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The 3 Most Notable Website Redesigns of 2015

| December 30, 2015
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2015 was a great year for UX.

The once-trendy buzzword is now becoming a universal standard. And many influential organizations in the U.S. are making design a top priority.

A movement towards user-centered product design is taking shape, and it prompted three highly trafficked websites to undergo substantial redesigns in 2015.

A movement towards user-centered product design is taking shape, and many well-known organizations are leading the charge

Whether you love or hate their new designs, the websites included in this list are collectively used by more than 150 million people every month. Which means they have a wider impact on a larger number of people than any other redesigns in 2015.

And even if these sites didn’t get it perfectly right, they still made huge strides in the right direction that deserve to be noted. So without further ado, here are the three most highly trafficked websites that underwent the most substantial redesigns in 2015.

(Note: If you want to see how real people interact with these sites, be sure to watch the sample user testing video at the bottom of each section.)

1. Netflix

Netflix launched their new website redesign in June 2015. With 62.3 million subscribers worldwide and 10 billion hours of movies and shows streamed in Q1 2015, making such a big change to their UI was a risky move. But overall, the results were positive.

netflix-before-after

Click to see the full-size image

The new, sleek design looks more up-to-date. And it looks and feels more like their mobile, console, and smart TV apps than the old site did, creating a more consistent experience across all channels.

[clickToTweet tweet=”Netflix redesigned their website to create a consistent experience across all channels” quote=”Netflix redesigned their website to create a consistent experience across all channels”]

With members spending more time using their mobile and tablet apps, Netflix said that they wanted to create “a richer, more visual experience, and a website that works more like an app and less like a series of linked web pages.”

Now exploring the Netflix catalog and finding the content that you want is faster and easier than ever before. Information about shows and movies now appears in-context when you hover over an image, rather than opening up a separate page. And you can start playing a video with a single click.

Sample UserTesting session:

2. ESPN

In January 2015 ESPN had 94 million users. And of those users, 61% of them accessed ESPN’s website solely on a mobile device. So their product team began to work on a responsive site that provided a seamless experience across all devices.

Click to see the full-sized image

Click to see the full-size image

Their new site launched in April 2015 with the goal to make it as easy as possible for users to access the sports news and information that matters most to them, the moment they want it, wherever they are.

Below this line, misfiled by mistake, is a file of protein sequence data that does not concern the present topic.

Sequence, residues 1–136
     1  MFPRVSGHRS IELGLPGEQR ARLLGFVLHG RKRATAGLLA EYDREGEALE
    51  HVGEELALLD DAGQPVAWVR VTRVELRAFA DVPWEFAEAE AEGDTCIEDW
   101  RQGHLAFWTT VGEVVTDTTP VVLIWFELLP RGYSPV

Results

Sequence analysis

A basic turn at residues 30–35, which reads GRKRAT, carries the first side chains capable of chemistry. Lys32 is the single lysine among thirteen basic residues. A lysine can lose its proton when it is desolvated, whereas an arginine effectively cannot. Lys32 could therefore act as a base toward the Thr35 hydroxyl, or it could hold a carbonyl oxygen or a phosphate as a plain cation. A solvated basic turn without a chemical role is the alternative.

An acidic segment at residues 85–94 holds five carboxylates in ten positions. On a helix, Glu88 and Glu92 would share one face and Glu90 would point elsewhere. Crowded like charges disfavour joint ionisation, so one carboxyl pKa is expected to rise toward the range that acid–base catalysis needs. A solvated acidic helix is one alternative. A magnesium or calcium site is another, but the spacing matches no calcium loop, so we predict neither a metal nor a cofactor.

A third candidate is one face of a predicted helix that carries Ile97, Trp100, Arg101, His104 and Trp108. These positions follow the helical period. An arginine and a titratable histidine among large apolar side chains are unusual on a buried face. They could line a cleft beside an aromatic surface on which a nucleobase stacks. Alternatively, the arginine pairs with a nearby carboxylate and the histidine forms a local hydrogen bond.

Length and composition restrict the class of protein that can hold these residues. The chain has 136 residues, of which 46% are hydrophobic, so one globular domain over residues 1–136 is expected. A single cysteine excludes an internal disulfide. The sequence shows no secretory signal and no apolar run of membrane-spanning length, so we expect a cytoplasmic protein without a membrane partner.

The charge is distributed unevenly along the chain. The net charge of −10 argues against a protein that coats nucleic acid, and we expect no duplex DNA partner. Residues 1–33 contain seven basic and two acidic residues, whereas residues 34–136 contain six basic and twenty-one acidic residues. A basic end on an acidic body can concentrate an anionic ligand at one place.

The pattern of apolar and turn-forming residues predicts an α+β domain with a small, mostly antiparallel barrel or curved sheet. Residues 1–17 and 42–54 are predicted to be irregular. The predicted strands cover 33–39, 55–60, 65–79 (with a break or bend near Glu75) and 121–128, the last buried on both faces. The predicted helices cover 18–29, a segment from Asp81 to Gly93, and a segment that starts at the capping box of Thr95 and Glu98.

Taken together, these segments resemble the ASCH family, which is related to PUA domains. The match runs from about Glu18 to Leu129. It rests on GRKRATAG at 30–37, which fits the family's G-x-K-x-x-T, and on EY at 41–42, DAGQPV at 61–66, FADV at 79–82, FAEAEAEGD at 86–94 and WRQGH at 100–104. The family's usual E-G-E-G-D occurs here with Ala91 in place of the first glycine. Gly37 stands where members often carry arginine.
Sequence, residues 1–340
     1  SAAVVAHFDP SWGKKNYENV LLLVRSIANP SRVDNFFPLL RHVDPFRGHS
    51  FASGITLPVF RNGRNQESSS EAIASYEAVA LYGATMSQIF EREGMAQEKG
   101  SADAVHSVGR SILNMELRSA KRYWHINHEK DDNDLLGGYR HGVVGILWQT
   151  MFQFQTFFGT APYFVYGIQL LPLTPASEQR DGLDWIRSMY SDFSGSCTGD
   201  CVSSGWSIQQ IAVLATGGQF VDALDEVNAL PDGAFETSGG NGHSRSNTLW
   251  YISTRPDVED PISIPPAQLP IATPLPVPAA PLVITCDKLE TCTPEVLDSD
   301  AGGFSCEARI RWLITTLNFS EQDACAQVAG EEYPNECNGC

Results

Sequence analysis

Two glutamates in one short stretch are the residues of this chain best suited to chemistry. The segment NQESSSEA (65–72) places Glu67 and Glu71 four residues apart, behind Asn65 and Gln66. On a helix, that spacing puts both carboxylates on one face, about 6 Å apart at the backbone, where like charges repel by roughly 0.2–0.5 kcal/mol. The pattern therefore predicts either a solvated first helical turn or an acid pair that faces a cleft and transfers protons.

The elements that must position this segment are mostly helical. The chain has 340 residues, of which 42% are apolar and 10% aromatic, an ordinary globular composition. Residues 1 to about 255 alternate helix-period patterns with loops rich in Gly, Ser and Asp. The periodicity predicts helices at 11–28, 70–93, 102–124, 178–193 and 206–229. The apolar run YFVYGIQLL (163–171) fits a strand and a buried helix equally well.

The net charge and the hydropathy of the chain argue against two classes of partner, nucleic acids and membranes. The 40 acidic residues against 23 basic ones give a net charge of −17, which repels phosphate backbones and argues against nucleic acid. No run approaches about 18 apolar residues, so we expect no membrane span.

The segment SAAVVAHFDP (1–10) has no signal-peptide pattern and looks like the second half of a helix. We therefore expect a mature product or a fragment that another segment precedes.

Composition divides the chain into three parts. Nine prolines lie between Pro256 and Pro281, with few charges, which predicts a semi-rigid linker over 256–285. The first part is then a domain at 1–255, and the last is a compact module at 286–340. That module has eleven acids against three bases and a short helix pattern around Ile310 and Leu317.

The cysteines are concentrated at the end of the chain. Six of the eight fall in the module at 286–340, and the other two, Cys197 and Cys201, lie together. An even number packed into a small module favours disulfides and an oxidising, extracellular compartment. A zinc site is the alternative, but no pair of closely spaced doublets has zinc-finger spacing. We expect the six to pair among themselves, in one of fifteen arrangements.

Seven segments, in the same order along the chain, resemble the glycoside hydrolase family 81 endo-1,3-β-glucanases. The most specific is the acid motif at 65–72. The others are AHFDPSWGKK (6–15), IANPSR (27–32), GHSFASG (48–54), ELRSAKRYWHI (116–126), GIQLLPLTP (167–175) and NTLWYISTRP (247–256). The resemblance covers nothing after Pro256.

[clickToTweet tweet=”ESPN’s redesign helps fans access what matters most to them, the moment they want it, wherever they are” quote=”ESPN’s website redesign makes it easy for fans to access what matters most to them, the moment they want it, wherever they are”]

Not only did they make the UI cleaner and more aesthetically pleasing but, like they said in their official statement, they also “improved personalization so that when you access ESPN.com, the stories, videos, predictions and rumors about your favorite teams are just a touch or click away.”

Now their website uses your location to guess your favorite sports team, and uses this information to prioritize the most relevant content. It also allows you to tailor your preferences so that the next time you visit, the content will be customized to your unique personal interests.

Sample UserTesting session:

3. Whitehouse.gov

The White House released its first-ever responsive homepage in April 2015 in an effort to bring their website in line with modern best practices, and to help visitors find the most relevant content as quickly as possible.

Click to see the full-sized image

Click to see the full-size image

To make their online platforms more accessible and user-friendly, the development team at the Office of Digital Strategy designed a new site that, “now displays content in a consistent way, no matter which device you’re using—desktop, laptop, mobile phone, or tablet.”

Rather than trying to overhaul the entire White House website in one, large-scale undertaking, they released new features on a section-by-section basis. This allowed them to make changes based on user feedback and improve parts of the site that were most valuable—rather than building things nobody wanted.

[clickToTweet tweet=”Releasing few features on an iterative basis allows the White House to avoid building things nobody wants” quote=”Releasing few features on an iterative basis allows the White House to avoid building things nobody wants”]

Ashleigh Axios, the Creative Director who led the redesign said, “the processes we’re using now are known as ‘iterative design’ and ‘agile development,’ and reflect a larger user-centric effort within the Federal government to transform the ways we design, build, and deliver technology.”

Based on user feedback, the White House added a series of sections to their website such as the State of the Union, the biographies of Presidents and First Ladies, the Press Office, and the White House Blog.

Sample UserTesting session:

What do you think?

So, what do you think? What was your favorite website redesign of 2015? Tell us about it on Twitter.